Compression garment

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The Effects of Wearing Lower-body Compression Garments During a Cycling Performance Test.
Int J Sports Physiol Perform. 2012 Sep 19;
Authors: Driller MW, Halson SL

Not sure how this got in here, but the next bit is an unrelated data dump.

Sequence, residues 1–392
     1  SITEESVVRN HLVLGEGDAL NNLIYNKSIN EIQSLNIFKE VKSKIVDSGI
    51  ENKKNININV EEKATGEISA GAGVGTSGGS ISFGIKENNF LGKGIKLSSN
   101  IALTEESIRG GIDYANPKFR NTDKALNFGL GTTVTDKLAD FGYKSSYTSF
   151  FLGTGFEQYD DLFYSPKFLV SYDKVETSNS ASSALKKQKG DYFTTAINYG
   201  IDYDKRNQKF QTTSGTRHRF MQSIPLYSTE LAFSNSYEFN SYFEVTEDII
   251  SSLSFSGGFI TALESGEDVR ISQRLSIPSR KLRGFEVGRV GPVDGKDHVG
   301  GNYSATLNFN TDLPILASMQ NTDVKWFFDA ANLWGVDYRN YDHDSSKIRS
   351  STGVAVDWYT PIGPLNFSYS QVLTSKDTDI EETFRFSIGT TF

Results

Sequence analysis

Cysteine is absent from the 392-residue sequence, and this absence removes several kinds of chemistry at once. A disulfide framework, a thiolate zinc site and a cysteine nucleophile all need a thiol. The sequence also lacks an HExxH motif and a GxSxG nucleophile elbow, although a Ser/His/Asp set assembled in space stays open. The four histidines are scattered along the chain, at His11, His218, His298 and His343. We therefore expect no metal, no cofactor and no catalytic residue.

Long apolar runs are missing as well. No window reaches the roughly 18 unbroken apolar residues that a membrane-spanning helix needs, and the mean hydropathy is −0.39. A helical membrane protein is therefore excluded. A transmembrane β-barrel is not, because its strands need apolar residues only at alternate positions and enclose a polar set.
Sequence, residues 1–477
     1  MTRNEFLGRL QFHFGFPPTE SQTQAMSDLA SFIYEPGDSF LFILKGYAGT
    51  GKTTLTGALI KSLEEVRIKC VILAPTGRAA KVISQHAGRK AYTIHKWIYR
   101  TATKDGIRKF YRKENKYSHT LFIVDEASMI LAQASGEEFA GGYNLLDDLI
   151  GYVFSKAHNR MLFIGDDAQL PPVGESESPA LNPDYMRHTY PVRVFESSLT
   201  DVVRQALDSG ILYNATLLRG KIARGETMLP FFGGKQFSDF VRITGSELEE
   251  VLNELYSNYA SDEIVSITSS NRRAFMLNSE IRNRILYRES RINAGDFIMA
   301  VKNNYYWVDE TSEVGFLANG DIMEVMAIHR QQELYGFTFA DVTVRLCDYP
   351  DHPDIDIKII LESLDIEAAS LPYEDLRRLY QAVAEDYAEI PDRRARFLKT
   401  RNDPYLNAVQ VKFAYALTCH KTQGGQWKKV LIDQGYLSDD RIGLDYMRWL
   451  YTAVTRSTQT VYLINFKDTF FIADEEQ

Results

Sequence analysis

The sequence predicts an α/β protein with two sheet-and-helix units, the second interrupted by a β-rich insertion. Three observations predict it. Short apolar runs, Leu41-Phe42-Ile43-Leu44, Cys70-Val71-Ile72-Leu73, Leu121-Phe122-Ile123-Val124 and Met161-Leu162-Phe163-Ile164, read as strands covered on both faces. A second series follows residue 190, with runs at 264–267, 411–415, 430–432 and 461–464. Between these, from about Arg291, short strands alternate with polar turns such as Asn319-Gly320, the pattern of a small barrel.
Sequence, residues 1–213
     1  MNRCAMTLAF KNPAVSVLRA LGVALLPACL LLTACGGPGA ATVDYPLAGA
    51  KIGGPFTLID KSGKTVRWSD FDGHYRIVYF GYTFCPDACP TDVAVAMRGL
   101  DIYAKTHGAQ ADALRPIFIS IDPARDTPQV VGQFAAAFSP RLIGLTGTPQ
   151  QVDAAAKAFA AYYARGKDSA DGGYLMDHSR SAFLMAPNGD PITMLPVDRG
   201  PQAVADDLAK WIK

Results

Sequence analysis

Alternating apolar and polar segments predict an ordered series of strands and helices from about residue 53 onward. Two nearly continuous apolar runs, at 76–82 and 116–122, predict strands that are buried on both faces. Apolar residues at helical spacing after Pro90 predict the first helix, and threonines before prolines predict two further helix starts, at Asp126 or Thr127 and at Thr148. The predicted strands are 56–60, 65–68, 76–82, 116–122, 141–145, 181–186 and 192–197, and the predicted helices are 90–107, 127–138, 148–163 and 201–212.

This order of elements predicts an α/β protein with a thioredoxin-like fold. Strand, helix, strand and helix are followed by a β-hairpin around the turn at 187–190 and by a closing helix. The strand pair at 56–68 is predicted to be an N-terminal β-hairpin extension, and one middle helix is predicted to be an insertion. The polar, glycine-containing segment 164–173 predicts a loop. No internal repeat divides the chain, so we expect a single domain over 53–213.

PURPOSE: Compression garments have been commonly used in a medical setting as a method to promote blood flow. Increases in blood flow during exercise may aid in the delivery of oxygen to the exercising muscles and subsequently, enhance performance. The aim of the current study was to investigate the effect of wearing lower-body compression garments during a cycling test. METHODS: Twelve highly-trained cyclists (mean ± SD; age = 30 ± 6 years; mass = 75.6 ± 5.8 kg; VO2peak = 66.6 ± 3.4 mL.kg.-1min.-1) performed two 30-min cycling bouts on a cycle ergometer in a randomized, cross-over design. During exercise, either full-length, lower-body compression garments (COMP) or above-knee cycling shorts (CON) were worn. Cycling bouts involved 15-min at a fixed workload (70% of VO2max power) followed by a 15-min time-trial. Heart rate (HR) and blood lactate (BL) were measured during the fixed intensity component of the cycling bout to determine the physiological effect of the garments. Calf girth (CG), thigh girth (TG) and perceived soreness (PS) were measured pre and post-exercise. RESULTS: COMP produced a trivial effect on mean power output (ES = 0.14) when compared to CON (mean ±95%CI; 1.3 ±1.0. COMP was also associated with a lower HR during the fixed workload section of the test (-2.6 ±2.3%; ES = -0.38). There were no differences between groups for BL, CG, TG and PS. CONCLUSION: Wearing compression garments during cycling may result in trivial performance improvements of ~1% and may benefit oxygen delivery to the exercising muscles.

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